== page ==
I haven’t posted in a while as I haven’t been feeling too good. Swings and roundabouts really, the joy of BPD.
Coming across this picture of me when I was little, I feel compelled to write a post, especially because I’m feeling low. I want to try to answer the question: ‘Whatever happened to baby Katy?’
I didn’t know
When I see this picture, or really any picture of me when I was young, I feel immediately sad. The kind of sad in the way that I feel sorry for the child in the pictures. I want to protect them now as an adult and try to make everything OK. It could be, I suppose, that it’s my way of trying to protect my younger self from feeling like I do now and having this diagnosis.
The joyful innocence of a child makes me envious. Even the joyful picture of me as a child — although my childhood wasn’t a happy one. A world where even though it wasn’t nice, I didn’t really know what the world was supposed to be like.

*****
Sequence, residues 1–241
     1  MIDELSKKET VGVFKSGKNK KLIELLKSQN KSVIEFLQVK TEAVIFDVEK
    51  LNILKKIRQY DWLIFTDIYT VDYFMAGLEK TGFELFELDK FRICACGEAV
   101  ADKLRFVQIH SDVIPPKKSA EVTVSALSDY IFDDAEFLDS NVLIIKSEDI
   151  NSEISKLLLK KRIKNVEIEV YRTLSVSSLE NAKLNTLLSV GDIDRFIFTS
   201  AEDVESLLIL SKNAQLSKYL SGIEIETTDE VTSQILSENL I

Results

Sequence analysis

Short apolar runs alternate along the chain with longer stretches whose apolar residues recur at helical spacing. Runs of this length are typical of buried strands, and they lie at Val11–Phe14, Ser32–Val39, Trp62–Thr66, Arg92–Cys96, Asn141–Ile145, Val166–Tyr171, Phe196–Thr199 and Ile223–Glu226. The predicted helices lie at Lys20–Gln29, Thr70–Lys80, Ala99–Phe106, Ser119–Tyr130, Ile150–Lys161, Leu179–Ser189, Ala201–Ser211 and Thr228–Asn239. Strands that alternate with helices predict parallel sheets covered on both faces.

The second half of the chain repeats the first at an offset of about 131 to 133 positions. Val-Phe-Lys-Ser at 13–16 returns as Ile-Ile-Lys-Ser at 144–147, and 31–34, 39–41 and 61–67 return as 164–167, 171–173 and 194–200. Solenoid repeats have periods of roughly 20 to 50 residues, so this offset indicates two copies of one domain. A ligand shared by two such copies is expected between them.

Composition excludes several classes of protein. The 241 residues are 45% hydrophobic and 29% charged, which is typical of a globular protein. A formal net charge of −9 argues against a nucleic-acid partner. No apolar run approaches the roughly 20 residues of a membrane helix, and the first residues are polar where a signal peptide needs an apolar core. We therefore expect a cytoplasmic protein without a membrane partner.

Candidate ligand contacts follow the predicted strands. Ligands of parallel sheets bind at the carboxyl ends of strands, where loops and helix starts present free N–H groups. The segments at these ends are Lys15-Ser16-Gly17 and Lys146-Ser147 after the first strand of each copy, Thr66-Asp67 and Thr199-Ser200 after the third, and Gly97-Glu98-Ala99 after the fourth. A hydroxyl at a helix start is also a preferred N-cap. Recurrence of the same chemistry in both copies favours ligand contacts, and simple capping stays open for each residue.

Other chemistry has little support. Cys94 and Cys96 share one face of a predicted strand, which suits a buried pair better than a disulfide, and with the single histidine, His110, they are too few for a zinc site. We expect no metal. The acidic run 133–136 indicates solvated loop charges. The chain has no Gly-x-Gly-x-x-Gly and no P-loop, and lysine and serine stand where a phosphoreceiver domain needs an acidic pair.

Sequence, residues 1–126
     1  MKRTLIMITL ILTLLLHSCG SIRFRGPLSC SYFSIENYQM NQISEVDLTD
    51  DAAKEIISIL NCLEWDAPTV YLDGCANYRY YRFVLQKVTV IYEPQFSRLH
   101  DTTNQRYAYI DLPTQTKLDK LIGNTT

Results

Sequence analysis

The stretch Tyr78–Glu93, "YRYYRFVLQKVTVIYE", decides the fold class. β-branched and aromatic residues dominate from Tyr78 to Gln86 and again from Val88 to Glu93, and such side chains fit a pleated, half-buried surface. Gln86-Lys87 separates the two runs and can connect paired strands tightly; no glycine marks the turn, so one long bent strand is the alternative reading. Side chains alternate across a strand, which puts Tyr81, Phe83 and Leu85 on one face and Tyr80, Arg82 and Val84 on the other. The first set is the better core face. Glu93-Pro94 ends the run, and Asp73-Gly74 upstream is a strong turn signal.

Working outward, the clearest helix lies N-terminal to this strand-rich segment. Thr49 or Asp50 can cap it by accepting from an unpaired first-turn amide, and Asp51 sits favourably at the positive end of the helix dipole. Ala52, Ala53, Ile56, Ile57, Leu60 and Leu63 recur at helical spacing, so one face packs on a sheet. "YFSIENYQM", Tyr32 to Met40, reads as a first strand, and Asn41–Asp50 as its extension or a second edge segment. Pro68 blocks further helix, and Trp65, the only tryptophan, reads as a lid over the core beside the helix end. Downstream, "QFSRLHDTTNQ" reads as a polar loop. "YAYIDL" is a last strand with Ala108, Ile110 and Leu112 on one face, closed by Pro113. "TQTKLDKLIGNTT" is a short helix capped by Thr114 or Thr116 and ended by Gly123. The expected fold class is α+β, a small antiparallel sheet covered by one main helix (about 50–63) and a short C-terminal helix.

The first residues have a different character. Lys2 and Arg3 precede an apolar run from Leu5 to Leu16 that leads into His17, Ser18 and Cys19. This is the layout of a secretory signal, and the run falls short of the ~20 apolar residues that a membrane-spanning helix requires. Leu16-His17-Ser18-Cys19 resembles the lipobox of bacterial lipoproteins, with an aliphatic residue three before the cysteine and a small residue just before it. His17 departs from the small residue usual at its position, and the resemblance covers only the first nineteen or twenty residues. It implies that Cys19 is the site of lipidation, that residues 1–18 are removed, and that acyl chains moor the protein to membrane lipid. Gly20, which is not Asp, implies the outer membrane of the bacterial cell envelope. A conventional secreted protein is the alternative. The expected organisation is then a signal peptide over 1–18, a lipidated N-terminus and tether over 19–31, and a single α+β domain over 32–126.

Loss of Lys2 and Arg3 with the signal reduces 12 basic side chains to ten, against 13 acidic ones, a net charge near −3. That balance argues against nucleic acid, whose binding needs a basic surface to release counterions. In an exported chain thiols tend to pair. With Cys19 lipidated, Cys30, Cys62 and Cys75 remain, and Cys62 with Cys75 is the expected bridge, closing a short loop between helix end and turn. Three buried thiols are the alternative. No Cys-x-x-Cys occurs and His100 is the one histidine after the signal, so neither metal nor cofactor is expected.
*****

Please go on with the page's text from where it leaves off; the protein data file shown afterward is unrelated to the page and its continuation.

I have no memories
It all goes in a cycle about learnt behaviour. Because I didn’t know anything different I believed that my childhood was just ‘normal.’ And learning that it was anything but normal, I switched off. Even to this day, I don’t remember significant events in my childhood. Photos of holidays when I was young, I have no memories of.
Even though it’s me, right there, standing in that picture.
I have new insight
I don’t want to take away from the good memories, either. There WERE good memories. I remember a handful of holidays. There were times I remember, times where I’d laugh so much that I cried. I remember family friends and growing up. It just all seems very very blurry.
I believe that becoming a stepmother gave me a completely new view of what being a child should entail. It also gave me a newfound resentment for the people who were supposed to take care of me. My love for my stepdaughter makes my heart burst and I would do anything to protect her from hurt. That gave me a new insight into what a childhood should be.
She needs me to speak out
So what the hell happened to baby Katy? She had it rough, that’s what, and she learnt to not speak as she wouldn’t be heard. Also, she learnt that the environment she was in was very damaging and she learnt that those foundations develop into BPD.
I still smile like baby Katy. But baby Katy now has her voice and maybe that might make people very uncomfortable. But she needs to speak out.
I’m doing it for you, kid. We’ve got this.
Reproduced with permission, originally posted on aborderlinepersonalityblog